Tragedies are shared experiences. Families, friends, acquaintances and strangers are connected by a common loss, a common grief. A tragedy grounds people in place and time; the sights, sounds, feelings, and impressions experienced at the moment a loss is realized are vivid and unforgettable. Everybody who knew Tommy Bock remembers where they were and what they were doing when the 15-year-old Hardyston youth died of injuries sustained in a skateboarding accident the day before.
The outpouring of grief for Tommy came in tsunami-like waves, crashing through Vernon, Wantage, Sparta, Franklin, and beyond. Across Sussex County, everybody seemed to know Tommy; everyone seemed to have a memory, a bond, an experience with this young man that left their lives somehow brighter. In the wake of his passing, the devastation was profound.
A picture of Tommy circulated rapidly on social media, captivating and affecting hundreds who never knew Tommy in life, but seemed to instinctively understand the tragedy of his loss. In the iconic picture, Tommy stands against a nondescript blue background in his football jersey, face dominated by an exuberant smile that radiates from the glossy portrait photo. Absolute strangers faced with this image see the essence of Tommy Bock: a vibrant, gregarious young man who seized life with a daredevil’s zeal and could illuminate any room with a smile. Absolute strangers see the light that Tommy brought to this world and feel the keen absence of it.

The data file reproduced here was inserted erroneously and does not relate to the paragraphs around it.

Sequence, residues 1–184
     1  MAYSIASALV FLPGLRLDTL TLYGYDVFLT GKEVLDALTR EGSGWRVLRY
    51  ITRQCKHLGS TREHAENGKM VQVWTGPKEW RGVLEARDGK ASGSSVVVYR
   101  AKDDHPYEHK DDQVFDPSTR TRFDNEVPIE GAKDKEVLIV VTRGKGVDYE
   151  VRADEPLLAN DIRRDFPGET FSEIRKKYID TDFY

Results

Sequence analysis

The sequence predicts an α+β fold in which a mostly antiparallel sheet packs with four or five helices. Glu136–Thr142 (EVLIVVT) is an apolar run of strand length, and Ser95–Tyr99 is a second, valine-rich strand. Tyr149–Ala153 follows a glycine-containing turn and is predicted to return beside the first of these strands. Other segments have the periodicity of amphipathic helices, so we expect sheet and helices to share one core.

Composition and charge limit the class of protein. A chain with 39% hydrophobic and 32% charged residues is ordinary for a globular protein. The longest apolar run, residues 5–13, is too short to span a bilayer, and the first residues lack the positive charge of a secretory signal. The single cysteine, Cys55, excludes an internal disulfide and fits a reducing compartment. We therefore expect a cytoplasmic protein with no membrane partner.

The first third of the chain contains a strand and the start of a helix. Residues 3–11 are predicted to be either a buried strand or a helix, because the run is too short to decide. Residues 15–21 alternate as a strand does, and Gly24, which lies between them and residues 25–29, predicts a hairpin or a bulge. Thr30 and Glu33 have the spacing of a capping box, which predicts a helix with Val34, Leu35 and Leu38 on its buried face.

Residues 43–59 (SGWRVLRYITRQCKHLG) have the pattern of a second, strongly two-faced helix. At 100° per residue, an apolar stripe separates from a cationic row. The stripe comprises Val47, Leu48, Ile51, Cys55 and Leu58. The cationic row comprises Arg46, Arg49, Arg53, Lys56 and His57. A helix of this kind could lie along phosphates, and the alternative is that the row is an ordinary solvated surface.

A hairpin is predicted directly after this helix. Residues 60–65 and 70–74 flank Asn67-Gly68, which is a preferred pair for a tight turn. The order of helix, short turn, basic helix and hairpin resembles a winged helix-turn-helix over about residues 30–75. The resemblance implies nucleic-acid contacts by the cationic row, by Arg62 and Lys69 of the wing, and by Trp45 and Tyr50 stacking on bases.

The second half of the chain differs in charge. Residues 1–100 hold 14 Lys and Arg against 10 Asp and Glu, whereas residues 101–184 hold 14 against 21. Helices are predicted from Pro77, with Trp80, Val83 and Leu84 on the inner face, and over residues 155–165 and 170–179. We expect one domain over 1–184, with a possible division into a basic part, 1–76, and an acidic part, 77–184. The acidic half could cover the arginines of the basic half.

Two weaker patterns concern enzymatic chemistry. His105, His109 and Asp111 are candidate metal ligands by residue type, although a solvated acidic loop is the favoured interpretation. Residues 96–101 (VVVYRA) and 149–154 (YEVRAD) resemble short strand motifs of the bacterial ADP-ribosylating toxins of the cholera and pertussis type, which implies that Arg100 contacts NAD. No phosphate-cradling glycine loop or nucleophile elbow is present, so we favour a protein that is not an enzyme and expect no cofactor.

“Here’s an individual who brought 5,000 people together,” says Hamburg resident John Conklin, referring to the county-wide mourning that followed Tommy’s passing. “He’s extraordinary.” The need for a public totem to commemorate Tommy Bock was realized by John’s daughter, Hannah Conklin, who spent the summer coming to terms with the loss of her best friend. Hannah and her friends felt the severe absence of one beloved member in their group, but there was nowhere they could go to mourn him. “We would sit in my basement talking about the times we had with Tommy,” Hannah recalls, “but I wished there was a place we could go to remember him. That’s what I told my Mom. We came up with the idea of a bench in the park just for Tommy and all the people who miss him.”
John Conklin had plans drawn up for a memorial bench in Wheatsworth Field in Hardyston with the blessing of Tommy’s parents. “I approached Steve and Tim at TJ’s Pizza with the idea because of their background in fundraising for the area,” says Conklin, “they immediately pledged an opening $300 and offered to help with the fundraiser’s messaging and set-up.” He then brought plans for a park bench memorial before the Hardyston Township Council at the County Board Meeting on January 24th, and was elated with the positive response. “I remember when the Mayor said ‘you have my vote,’” John Conklin recalls his relief at that moment, “That’s when I knew this was going to happen.”
All involved hope to have the memorial bench installed in Wheatsworth Field this Spring, before the anniversary of Tommy’s passing. Donations will create a place for Sussex communities to mourn a tragic loss and remember an extraordinary young man.
DonationsSee top donations
- Karen Stern
- The Lutkins Family
- Christine Tillery
- Monica Hahn
- Michele Kansky
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